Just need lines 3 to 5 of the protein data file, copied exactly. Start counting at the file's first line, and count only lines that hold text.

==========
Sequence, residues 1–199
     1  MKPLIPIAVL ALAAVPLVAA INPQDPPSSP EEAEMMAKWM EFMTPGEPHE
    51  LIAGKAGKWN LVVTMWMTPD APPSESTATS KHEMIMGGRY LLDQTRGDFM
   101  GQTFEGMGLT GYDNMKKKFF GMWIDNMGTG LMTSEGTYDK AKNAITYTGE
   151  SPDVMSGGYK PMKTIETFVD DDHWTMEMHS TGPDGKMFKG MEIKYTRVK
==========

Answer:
    51  LIAGKAGKWN LVVTMWMTPD APPSESTATS KHEMIMGGRY LLDQTRGDFM
   101  GQTFEGMGLT GYDNMKKKFF GMWIDNMGTG LMTSEGTYDK AKNAITYTGE
   151  SPDVMSGGYK PMKTIETFVD DDHWTMEMHS TGPDGKMFKG MEIKYTRVK